With house prices falling, who is going to buy? Auction houses are finding they are selling perhaps 40% of the properties submitted for sale. In short, as prices go down, people will either not buy, or will attempt to push down purchase prices even more. The more the prices go down the less houses will get sold until people see some kind of bottom has been reached. Meanwhile the unpaid loans stack up and banks start to go bust.
Let us just take one example, The Commonwealth Bank of Australia.
CBA is already facing fines of about a trillion dollars for nearly 54,000 breaches of Australia's money- laundering laws dating back to 2012. A trillion dollars, which is a thousand billion is about seven times Commonwealth Bank's market value. Now factor in several hundred thousand claims in a class action on the basis of the Khashaba ruling, and the bank is holding an insane amount of debt which is unenforceable. Now add in the serious drop in the value of the rest of the collateral due to the continued slide of house prices. Now multiply that across the whole banking sector and you have a crashed economy.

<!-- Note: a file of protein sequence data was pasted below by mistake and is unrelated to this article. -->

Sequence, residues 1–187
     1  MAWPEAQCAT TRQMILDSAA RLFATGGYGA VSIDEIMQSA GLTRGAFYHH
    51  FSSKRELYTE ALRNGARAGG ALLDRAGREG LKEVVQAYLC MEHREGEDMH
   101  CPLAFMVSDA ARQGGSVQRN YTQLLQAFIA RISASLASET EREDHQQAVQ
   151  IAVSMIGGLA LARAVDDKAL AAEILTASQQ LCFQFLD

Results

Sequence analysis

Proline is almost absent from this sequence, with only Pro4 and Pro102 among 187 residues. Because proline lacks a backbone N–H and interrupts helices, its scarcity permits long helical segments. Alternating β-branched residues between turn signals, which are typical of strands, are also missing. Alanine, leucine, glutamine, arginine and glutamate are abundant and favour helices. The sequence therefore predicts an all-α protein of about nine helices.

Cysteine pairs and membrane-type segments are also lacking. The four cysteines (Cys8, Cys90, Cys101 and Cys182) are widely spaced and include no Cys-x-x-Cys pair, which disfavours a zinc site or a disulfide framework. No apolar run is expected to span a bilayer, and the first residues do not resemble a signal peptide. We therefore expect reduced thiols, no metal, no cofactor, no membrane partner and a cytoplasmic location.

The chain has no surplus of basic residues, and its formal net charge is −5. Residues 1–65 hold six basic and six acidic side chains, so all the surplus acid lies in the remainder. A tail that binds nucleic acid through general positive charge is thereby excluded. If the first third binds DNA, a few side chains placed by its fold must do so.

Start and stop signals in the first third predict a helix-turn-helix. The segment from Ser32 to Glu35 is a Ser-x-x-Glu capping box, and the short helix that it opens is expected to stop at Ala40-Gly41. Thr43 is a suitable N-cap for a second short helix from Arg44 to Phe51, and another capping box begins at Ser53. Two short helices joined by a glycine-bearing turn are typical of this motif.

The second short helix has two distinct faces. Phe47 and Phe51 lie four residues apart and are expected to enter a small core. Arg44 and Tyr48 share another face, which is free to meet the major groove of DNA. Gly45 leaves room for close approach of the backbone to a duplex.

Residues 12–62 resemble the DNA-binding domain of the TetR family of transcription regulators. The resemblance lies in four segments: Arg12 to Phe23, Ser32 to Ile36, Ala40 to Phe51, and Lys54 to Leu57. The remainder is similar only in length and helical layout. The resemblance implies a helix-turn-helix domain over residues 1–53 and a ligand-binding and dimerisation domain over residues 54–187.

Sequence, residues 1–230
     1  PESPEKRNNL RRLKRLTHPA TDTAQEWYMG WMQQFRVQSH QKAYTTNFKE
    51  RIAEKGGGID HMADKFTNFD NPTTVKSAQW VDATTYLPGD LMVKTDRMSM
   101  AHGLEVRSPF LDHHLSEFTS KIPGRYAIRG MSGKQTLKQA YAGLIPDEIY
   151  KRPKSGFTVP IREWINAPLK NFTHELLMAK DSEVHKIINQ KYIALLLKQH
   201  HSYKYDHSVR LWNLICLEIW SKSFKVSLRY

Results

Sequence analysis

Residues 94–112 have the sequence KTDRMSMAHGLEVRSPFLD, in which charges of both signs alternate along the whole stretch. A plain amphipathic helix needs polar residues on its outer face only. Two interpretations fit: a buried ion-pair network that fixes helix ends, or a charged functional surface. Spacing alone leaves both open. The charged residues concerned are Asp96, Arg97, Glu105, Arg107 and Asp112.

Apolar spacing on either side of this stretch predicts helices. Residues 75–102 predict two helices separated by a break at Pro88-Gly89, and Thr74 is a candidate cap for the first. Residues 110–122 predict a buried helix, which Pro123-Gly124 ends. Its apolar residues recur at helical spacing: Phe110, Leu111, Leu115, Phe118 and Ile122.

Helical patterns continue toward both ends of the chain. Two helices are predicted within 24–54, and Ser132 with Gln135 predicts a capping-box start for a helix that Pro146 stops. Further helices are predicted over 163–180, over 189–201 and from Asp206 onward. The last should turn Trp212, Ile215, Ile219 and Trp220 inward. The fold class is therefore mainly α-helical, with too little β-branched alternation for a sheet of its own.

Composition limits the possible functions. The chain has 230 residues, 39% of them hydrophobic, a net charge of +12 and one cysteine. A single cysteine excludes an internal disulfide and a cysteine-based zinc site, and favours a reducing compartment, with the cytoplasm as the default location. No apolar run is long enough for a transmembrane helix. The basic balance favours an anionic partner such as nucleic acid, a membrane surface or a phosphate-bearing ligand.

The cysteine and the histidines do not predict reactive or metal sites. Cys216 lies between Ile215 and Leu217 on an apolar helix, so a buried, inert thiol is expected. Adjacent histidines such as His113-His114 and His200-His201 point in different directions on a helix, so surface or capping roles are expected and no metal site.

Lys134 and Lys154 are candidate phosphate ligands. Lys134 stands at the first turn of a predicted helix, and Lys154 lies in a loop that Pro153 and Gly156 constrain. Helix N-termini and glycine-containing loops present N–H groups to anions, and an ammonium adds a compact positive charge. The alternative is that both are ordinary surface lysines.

Oh yes, and now factor in foreign investment involvement, and you have the makings of another world-wide financial collapse. You don't need me to tell you to steer well clear of this, though there are plenty of reckless people out there.
Okay, you can steer well clear by not buying real estate in Australia, but what about the collateral damage to the international banking system? I'm sure everybody remembers what happened when the US mortgage system imploded.